Microplastics and the unknown risks


Microplastics are minuscule plastic particles. They are in the air we breathe, the water we drink, and the food we eat. But the effects and risks of microplastics on people and the environment are unknown. Our research contributes to new insights and innovative solutions.

Microplastics paper

Microplastics are potentially harmful to humans and the environment. In our publication, we show how we can achieve a 70% reduction in microplastics by 2050.

How are microplastics formed?

Microplastics are all around us, from the high peaks of the Himalayas to the depths of the Atlantic Ocean. Since its invention in the 1950s, we have been using more and more plastic. Plastic has unique properties. It’s cheap, long lasting, and has many applications. But it is a persistent material that slowly breaks down into ever smaller plastic particles: microplastics.

What are microplastics?

We define microplastics as small, man-made polymer-containing materials with dimensions (length/width/height) smaller than 5 millimetres. The term microplastics also includes nanoplastics, with dimensions smaller than 100 nanometres. Microplastics consist of a complex cocktail. There are wide variations in polymer type, size, and shape. Microplastics also carry additives, impurities, microbiota, and various contaminants.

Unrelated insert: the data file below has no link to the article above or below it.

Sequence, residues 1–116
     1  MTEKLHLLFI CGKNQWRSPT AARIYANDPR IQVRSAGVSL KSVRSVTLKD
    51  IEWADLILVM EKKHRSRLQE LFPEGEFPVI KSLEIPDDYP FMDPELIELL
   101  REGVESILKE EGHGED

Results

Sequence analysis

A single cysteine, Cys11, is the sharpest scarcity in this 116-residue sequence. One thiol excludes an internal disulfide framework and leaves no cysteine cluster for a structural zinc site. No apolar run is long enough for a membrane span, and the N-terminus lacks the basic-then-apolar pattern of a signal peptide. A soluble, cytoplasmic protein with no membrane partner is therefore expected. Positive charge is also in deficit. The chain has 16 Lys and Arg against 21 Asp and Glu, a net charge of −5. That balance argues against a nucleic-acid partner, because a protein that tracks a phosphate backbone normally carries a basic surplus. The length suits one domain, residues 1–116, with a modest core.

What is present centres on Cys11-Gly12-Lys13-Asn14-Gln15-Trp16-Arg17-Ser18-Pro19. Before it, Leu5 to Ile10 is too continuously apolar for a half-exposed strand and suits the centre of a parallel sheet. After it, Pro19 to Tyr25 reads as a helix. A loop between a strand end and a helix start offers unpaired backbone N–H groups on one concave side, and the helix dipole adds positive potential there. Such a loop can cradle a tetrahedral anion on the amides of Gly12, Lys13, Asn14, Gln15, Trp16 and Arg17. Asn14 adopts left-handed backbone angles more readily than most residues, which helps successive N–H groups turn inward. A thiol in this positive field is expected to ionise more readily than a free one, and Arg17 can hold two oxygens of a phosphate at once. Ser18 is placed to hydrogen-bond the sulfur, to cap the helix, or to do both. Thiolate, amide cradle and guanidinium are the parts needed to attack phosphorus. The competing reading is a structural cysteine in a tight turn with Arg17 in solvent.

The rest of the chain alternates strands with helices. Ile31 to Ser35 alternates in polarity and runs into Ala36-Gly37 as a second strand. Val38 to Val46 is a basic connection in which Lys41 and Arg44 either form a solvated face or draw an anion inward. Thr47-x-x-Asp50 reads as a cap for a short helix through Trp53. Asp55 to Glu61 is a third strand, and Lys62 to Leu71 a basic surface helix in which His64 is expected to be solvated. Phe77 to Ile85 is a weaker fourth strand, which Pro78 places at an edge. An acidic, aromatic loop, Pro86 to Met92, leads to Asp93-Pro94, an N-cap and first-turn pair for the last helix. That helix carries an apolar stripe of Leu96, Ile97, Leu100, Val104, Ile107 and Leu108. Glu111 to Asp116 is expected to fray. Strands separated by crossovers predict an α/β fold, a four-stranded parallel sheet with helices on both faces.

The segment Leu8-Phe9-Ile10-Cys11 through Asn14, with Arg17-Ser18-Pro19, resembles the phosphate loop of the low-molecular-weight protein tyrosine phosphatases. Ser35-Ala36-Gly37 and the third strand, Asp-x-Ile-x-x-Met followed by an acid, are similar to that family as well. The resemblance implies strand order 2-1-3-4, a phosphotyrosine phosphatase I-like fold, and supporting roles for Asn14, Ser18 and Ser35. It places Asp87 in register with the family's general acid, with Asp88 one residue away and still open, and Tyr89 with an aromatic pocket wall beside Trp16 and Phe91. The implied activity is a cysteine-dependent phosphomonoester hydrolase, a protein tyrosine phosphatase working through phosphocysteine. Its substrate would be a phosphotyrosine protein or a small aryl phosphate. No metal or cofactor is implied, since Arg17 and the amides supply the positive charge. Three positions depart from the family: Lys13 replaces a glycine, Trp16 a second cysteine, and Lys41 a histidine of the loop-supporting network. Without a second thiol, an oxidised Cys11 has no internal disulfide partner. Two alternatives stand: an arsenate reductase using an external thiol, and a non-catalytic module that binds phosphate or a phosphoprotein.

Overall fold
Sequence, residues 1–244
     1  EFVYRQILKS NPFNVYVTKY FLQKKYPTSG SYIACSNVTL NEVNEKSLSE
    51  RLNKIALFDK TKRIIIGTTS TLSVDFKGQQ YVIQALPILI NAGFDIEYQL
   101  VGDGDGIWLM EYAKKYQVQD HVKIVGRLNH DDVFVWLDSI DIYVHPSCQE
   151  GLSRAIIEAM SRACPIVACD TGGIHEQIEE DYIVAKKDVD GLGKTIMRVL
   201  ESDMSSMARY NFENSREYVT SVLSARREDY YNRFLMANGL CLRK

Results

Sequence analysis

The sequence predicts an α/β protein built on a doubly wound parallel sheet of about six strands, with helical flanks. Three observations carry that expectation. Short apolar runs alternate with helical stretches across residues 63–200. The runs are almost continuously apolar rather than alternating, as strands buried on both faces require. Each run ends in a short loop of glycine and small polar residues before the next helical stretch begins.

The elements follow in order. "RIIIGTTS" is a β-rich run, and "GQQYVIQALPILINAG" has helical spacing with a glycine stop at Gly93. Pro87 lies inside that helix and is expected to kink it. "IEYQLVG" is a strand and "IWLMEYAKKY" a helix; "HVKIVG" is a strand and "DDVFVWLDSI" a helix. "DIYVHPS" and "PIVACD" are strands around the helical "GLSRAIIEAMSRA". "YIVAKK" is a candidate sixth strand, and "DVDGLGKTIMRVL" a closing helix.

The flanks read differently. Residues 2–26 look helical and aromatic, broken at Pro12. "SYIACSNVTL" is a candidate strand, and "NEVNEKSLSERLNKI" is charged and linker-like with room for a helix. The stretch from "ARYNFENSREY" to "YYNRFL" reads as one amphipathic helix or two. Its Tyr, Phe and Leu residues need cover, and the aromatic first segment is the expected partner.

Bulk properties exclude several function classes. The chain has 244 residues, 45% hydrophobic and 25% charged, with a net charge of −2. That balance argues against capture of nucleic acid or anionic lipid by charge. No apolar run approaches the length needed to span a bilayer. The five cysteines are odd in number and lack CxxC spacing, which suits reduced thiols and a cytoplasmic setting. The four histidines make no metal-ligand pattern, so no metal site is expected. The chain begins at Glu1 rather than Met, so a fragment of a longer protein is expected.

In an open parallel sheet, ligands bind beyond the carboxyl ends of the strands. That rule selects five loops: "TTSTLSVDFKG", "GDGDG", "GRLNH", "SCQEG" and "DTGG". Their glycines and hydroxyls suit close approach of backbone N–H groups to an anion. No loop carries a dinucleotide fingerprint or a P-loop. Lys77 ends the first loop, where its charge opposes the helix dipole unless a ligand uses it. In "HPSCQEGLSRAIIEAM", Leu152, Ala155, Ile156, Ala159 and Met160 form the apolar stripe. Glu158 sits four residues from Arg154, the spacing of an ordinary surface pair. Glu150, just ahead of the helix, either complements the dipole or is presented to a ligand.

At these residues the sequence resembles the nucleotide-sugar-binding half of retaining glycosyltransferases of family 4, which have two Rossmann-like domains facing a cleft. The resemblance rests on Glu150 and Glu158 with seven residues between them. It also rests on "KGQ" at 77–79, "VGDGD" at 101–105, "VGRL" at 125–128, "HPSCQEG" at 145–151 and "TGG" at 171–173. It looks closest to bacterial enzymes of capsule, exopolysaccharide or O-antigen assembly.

Analysing the amount of microplastics in an air sample
Picture of a TNO employee analysing the amount of microplastics in an air sample.

The 4 main sources of microplastics

In our recent research on microplastics, we identified the origins of microplastics and measures to take against them. We found that the following 4 sources are the main causes of microplastics:

  1. Abrasion of car tyres (~35%)
  2. Litter: plastic film, bags, packets, and other materials are not discarded properly in all areas. They often end up in the soil or the water, where they break up into microplastics.
  3. Use of agricultural foil
  4. Textiles: abrasion of clothing mainly produces microplastics in the air and in wastewater, for example after washing clothes.

Primary and secondary microplastics

We distinguish between primary and secondary microplastics. Primary microplastics are added deliberately by humans. Secondary microplastics are formed as a result of the degradation of plastic objects.

Distinction in plastics

Primary microplastics originate mainly from pre-production pellets, scrub particles in cosmetics, grains from artificial turf fields, and abrasive cleaning agents. Degradation of plastic into secondary microplastics occurs during use of a plastic product, and when plastic is left lying around as waste. Under the influence of certain factors, ever-smaller plastic particles are formed. Examples include:

  • UV light
  • friction
  • heat

These plastic particles then come into contact with humans through:

  • air
  • water
  • our food
  • soil
Primary and secondary microplastics
Primary and secondary microplastics end up in water, air, food, and soil. They are, therefore, harmful to the environment, people, and animals.

Microplastics in cosmetics

Possibly thousands of personal care products sold by companies all over the world contain tiny grains of plastic. The cosmetics industry calls these microplastics microbeads. But we also find microplastics in other products, including fleece jumpers or a plate of mussels.

Microplastics in the air

There is still relatively little known about the concentration of microplastics in the air and the effect on the environment and our health. Our knowledge of the distribution of particulate matter is very useful in our research, because microplastics exhibit the same behaviour.